Risk is to Trust as Vaccine is to Immunity

Should you take the risk of mentioning price early on in a sales call?  Should you be candid about your less-than-perfect qualifications for a job?  When you notice the client looking a little distracted, should you take the risk of commenting on it?

In such situations I often hear, “That’s too risky, you can’t do that – you don’t have a trust relationship yet.” Or, “Well, sure you could do that, but only when you have a long history of trust.”

That is a big misconception.

The truth is, you can’t get trust without taking risks. In fact, it is the taking of risks itself that creates trust.

The Case of the Flu Vaccination 

Let’s say there’s a flu bug going around. You’re advised to get a vaccination. But it takes time out of your day, you fear getting a very small flu-like reaction to the vaccination, and you really don’t like needles. So you procrastinate, and never do get around to taking the vaccination.

Meantime, your best friend takes the vaccine the day it comes out.

Five weeks later, you get the flu.  Your friend doesn’t.  You feel miserable; you wish you’d taken the vaccine. In retrospect, the small pain of the needle, the minor inconvenience to your schedule, and the small risk of a mild reaction were nothing – nothing, I tell you – compared to the agony of the flu.

You should have taken the small pain – the vaccination – to prevent the larger pain – the flu. And so it is with trust.

Risk, Trust, and Sins of Omission

Risk and trust work the same way.  A small risk taken early prevents much greater risk down the road. Trust only grows when one party takes a risk, and the other party responds in a trust-based way.

  • You take the risk of answering a direct question about price, even though you haven’t established your value proposition yet. As a result, your client may or may not like your price, but they’ll see you to be responsive and transparent; they’ll trust you a bit more.
  • You take the risk of being very open about a relative weakness in your qualifications for a job. As a result, your client may or may not give you the job, but they’ll note your directness and trust you a bit more.
  • You note your client is distracted, and take the risk of commenting on it. Your client may or may not be startled, but they’ll appreciate your willingness to behave in a personal manner.

A vaccination mitigates larger disease. A small up-front risk mitigates larger business risk down the line.

We might call failure to take these risks “trust sins of omission.” They are failures to take a risk; the result is a guaranteed absence of trust.  The small risk may or may not go your way, but if you avoid taking that risk, then it’s guaranteed that you’ll not get the trust (unless your client initiates it, in which case you’re depending on someone else to make your luck).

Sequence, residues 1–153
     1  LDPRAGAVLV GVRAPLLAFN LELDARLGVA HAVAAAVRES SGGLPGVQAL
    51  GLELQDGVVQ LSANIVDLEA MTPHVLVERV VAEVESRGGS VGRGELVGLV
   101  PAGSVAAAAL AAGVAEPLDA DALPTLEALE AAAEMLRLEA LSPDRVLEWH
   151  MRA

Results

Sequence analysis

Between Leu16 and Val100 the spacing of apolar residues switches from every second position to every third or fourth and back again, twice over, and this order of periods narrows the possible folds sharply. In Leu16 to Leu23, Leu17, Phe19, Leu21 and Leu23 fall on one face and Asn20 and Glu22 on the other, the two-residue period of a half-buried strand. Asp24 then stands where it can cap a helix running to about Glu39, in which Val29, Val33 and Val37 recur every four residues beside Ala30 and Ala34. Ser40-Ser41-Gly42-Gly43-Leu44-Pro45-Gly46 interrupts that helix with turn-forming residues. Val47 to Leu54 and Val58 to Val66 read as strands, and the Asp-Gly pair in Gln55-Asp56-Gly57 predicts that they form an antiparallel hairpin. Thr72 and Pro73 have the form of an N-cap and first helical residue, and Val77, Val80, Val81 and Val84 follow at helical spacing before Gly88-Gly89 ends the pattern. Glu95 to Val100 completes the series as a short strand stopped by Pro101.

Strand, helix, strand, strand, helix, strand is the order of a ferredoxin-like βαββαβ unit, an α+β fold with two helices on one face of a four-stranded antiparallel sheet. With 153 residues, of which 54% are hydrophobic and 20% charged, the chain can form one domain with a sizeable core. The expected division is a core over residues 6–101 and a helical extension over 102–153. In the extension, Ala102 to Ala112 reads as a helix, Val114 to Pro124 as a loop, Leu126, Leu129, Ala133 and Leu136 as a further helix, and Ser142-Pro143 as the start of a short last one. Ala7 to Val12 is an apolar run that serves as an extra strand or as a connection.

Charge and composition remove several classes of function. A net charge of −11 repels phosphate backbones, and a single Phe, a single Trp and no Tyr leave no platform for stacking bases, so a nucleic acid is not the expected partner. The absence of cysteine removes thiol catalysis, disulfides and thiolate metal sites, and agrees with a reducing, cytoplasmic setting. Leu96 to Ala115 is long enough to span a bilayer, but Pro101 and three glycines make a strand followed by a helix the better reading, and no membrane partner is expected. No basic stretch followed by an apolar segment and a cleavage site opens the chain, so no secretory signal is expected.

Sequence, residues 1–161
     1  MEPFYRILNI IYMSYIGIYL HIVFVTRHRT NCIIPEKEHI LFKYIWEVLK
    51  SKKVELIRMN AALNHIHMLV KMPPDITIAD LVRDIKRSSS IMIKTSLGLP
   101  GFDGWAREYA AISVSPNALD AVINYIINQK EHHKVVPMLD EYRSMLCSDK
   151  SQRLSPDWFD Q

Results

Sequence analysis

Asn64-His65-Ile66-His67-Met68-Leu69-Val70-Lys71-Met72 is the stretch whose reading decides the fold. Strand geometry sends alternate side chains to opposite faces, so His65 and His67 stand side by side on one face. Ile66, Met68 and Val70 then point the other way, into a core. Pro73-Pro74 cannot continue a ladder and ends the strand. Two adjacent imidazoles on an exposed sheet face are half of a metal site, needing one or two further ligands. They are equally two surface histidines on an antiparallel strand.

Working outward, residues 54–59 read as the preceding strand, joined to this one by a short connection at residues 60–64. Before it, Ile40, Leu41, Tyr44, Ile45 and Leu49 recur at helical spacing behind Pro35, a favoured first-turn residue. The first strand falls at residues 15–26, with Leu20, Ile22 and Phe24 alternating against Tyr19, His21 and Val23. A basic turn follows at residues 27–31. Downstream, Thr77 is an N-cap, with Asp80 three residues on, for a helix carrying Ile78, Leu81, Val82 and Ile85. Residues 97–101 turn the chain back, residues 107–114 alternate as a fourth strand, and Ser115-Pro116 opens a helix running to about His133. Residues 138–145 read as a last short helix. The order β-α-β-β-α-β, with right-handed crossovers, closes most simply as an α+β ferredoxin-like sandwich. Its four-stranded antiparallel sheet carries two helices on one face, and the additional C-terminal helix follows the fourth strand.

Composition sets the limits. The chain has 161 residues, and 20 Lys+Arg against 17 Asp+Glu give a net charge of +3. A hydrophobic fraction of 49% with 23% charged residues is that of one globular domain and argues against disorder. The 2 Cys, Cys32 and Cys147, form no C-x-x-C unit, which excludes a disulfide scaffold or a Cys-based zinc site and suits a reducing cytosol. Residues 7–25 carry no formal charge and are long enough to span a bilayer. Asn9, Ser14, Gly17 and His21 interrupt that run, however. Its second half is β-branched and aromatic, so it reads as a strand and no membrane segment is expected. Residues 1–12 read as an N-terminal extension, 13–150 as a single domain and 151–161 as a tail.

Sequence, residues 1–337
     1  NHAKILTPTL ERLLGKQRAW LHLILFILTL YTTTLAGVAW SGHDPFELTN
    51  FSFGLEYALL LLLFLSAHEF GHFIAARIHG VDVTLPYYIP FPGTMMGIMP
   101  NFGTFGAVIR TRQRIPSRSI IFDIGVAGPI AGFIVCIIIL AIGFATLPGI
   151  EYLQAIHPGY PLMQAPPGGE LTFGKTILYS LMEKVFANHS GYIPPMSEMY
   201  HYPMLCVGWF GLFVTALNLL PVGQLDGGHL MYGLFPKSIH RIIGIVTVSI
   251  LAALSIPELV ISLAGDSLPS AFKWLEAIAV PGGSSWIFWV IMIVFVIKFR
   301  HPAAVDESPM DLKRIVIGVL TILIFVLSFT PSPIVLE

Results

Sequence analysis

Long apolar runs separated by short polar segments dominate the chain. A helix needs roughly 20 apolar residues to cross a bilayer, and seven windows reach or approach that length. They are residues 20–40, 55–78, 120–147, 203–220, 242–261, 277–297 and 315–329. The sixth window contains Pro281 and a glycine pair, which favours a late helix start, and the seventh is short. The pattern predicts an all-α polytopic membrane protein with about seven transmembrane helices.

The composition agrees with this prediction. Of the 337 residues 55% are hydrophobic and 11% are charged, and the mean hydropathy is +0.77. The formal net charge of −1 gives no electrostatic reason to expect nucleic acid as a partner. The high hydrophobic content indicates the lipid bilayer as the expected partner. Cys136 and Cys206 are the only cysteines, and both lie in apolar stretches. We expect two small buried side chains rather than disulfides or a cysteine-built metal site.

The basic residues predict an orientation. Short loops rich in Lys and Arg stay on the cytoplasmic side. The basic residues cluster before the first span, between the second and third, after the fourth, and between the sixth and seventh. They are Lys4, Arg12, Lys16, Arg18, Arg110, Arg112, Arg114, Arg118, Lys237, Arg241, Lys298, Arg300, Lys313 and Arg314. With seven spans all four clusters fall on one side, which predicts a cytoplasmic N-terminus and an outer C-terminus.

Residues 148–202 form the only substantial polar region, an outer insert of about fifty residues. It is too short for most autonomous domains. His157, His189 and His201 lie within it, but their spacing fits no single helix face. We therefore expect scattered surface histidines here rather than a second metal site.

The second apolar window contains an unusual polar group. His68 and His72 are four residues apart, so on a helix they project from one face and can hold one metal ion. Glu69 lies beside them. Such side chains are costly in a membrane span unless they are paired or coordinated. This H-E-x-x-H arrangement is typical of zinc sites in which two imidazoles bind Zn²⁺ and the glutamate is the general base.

Risk and Trust

Do you find yourself constantly backing off from taking those early, small risks? The common excuses I hear are reputed professionalism, concern for propriety, and a fear that the client will be embarrassed.

And so you do nothing.  And so trust takes forever. Or a competitor comes in and creates trust by taking a small risk, and your relationship just fades away.

Don’t omit the risk. Take it. Get the vaccination. Make your own luck. Make your own trust.

A Certified Trusted Traveler

As of October 23, 2011, I have been declared by the U.S. Customs and Border Protection to be a “Trusted Traveler” through their Global Entry program. Let’s examine what the CBP means by “trusted.”

The Experience

If you fly internationally, you may have seen the “Global Entry” line or kiosk off to the side as you approach passport control. The line looks shorter―that’s the appeal of the program.

And it is shorter―an attractive proposition after a transatlantic or transpacific flight, or even one from Canada. The online application process is heavy-handed and slow, and you have to actually schedule an interview either at a federal office or an airport.

Oddly, the experience reminds me of dealing with JPMorganChase; very nice people, but you have to navigate through frustrating processes and systems to get to them.

But now that I’m “trusted”―what does that mean?

Customs and the Trust Equation

In the video they show you at the interview, several points are made. They welcome you as “low-risk,” though they also make a point of saying that continued membership is subject to good behavior, and that, in turn, is subject to occasional random audit. Sort of like Reagan’s “trust but verify,” I think.

The CBP is obviously trying to certify my trustworthiness, not my propensity to trust others. This is precisely what the Trust Equation was meant to do―to define, quantify, and evaluate the level of trustworthiness of an individual. So, let’s use it to examine what the CBP means by trusted traveler.

As far as I can tell, they use four critical elements in granting status. They demand to see a passport (I have no idea what scrutiny it’s given) and of course require it on entry; they take fingerprints and use them to verify on entry; on entry they match up travel plans with airline records; and they take a photo.